Rarely do contractors have to deal with beluga whales, dolphins and other sea creatures while blasting or building, but the team building the $88-million Georgia Aquarium Dolphin Expansion project in Atlanta had to take steps to ensure the animals’ safety.
That attention to animal husbandry helped the project earn the “Judges Award” in Southeast Construction magazine’s annual Best of 2010 project-excellence competition.
“They were able to build it and develop it with constraints of existing animals,” says David Kimmel, president and chief operating officer of the Georgia Aquarium, who also mentioned the challenges of working around visitors and special events. “The people made the project successful by their understanding of the aquarium and aquarium staff and working as a partnership.”
The new dolphin facility, about the size of two football fields, features a dolphin exhibit, viewing windows and a theater for shows. The job also included the installation of a new pedestrian walkway, a below-grade animal-holding area and renovations to the existing cold-water gallery.
Aquarium leadership brought together many of the same team members who built the original structure in 2005 to design and construct the 84,000-sq-ft addition, including program manager Heery International of Atlanta; general contractor Brasfield & Gorrie of Kennesaw, Ga.; and architect PGAV of St. Louis.
Heather McKeen, senior project manager and senior associate with Heery, and Mark Granger, senior project manager with Brasfield & Gorrie, say familiarity with the site and aquarium leadership was beneficial.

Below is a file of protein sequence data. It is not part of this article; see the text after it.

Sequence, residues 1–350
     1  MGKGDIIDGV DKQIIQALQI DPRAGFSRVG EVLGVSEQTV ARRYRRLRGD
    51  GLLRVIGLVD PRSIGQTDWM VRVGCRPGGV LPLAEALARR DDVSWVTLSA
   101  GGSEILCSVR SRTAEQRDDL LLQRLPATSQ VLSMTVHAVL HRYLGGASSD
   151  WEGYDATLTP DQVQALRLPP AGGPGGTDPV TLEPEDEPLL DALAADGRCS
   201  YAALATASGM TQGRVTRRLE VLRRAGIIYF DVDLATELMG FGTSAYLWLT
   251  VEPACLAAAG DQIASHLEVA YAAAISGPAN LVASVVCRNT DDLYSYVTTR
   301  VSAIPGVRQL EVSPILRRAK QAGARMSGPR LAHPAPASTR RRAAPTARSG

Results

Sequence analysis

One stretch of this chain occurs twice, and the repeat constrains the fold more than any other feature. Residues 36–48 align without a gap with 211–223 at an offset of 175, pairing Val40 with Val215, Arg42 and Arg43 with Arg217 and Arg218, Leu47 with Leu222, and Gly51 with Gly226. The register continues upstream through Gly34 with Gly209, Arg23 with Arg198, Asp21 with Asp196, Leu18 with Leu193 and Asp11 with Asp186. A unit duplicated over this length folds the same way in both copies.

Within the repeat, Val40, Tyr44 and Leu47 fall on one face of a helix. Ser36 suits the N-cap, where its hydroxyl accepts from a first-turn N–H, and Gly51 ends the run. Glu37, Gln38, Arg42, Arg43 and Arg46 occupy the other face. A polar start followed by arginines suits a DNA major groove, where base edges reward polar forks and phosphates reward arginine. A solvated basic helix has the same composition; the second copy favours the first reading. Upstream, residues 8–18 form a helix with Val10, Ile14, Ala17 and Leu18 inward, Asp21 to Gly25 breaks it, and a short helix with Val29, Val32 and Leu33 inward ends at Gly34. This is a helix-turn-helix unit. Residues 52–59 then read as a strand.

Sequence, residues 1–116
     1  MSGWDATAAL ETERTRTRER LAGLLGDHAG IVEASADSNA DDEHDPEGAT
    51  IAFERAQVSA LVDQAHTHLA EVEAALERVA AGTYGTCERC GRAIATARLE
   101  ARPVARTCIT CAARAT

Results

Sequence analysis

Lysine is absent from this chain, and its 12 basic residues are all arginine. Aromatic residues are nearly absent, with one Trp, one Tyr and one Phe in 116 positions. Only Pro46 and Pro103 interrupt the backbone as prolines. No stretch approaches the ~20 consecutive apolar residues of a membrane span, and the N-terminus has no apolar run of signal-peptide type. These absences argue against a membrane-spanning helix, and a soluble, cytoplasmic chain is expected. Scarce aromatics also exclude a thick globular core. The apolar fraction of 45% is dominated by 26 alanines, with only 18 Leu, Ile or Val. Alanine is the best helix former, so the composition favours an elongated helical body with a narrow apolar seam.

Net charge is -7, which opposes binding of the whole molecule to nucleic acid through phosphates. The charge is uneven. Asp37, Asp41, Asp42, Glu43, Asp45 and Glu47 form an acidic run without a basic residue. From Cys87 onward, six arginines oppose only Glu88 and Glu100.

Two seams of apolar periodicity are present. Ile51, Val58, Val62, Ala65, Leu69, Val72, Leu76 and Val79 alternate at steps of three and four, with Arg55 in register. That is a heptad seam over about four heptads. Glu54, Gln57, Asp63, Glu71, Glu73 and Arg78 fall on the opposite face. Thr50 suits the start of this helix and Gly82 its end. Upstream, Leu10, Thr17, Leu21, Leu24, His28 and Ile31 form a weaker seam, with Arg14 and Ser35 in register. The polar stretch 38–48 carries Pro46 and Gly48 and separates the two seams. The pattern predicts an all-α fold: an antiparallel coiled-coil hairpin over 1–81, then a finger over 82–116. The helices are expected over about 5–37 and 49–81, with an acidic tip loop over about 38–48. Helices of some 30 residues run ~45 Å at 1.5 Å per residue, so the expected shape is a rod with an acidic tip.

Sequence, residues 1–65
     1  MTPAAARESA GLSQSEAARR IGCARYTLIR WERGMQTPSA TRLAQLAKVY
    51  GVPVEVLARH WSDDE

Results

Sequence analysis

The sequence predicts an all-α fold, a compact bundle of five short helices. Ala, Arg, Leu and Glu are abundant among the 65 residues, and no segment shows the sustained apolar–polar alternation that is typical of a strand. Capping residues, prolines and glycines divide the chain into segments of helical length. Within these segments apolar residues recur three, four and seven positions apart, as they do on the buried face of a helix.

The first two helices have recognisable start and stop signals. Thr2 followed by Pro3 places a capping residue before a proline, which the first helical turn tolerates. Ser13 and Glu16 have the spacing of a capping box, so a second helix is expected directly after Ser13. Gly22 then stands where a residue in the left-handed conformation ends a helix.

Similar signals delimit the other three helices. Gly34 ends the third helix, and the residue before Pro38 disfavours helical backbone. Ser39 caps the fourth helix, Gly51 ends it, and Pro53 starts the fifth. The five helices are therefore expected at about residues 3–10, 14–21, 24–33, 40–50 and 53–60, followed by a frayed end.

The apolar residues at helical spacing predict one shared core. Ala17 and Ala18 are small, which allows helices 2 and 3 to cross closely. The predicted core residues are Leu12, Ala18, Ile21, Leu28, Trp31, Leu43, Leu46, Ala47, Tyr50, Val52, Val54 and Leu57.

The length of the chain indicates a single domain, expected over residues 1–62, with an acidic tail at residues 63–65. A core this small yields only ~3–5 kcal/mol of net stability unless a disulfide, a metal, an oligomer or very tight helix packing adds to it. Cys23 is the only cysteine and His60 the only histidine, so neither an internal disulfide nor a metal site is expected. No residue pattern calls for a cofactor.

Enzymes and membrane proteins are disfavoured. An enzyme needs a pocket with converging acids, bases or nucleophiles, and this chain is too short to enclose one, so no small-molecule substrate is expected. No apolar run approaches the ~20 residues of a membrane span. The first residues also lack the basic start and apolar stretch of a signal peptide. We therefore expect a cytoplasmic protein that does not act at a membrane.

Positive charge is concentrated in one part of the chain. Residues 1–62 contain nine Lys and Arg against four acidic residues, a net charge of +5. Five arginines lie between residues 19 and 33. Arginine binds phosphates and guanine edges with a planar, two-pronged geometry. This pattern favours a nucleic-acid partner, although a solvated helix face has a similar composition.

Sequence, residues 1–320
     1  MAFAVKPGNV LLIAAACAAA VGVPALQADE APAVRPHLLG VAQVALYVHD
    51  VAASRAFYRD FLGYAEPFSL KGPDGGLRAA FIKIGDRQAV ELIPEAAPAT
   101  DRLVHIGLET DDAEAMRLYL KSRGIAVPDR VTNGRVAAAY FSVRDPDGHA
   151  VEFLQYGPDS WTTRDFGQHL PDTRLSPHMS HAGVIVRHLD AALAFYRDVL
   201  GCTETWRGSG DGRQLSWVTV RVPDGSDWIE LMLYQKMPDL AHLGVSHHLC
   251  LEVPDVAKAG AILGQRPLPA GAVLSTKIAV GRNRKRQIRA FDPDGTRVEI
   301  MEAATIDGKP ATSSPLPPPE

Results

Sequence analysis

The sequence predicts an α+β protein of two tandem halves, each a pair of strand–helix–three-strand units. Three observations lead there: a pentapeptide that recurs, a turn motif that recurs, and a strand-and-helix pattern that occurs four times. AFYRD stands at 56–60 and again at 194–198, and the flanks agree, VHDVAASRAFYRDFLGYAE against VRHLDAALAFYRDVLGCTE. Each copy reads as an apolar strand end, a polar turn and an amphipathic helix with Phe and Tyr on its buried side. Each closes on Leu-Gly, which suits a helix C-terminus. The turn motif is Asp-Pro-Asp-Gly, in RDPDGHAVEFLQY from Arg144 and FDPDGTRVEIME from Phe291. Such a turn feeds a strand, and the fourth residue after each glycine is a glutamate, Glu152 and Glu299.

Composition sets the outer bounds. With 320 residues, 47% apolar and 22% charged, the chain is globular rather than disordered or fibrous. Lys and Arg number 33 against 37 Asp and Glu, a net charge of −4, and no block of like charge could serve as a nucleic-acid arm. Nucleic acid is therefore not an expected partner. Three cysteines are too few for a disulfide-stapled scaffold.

“We all had an excellent working relationship and knew the quality level and expectations we had to live up to,” McKeen says. “We knew the questions to ask to get the answers we needed to accelerate the program.”
Construction began in June 2008. Brasfield & Gorrie nominated the job for a Best of 2010 award, and it also won the top award in the Cultural construction category. Granger says he considered the site logistics the most challenging aspect of the job. The addition abuts the existing aquarium and parking deck and is surrounded by an underground GA Power duct bank that feeds downtown Atlanta and a road.
“We were really locked in,” Granger says. “We shoehorned that 84,000-sq-ft into that 1-acre lot.”
That required some intricate design work by PGAV.
“We pushed and pulled on all of the individual pieces,” McKeen says. “We realigned tanks, switched their orientation and compromised on hallways and back-of-house areas to make the pools bigger or deeper. We utilized every square inch.”
That led to tight tolerances, requiring great care that the construction team precisely followed the drawings, she adds.
To make way for the new exhibit, the aquarium moved its penguins to a new temporary home within the aquarium and sent its sea lions to other facilities. Then the construction team could demolish the former penguin and sea lion exhibit space and an exit stair, keeping in mind the health of the beluga whales, sea otters, octopuses and other animals near the construction site. The team hired a beluga expert and other consultants to determine what thresholds the animals could tolerate.
“The noise and vibration was a huge concern,” Granger says. “Animal health was the No. 1 priority.”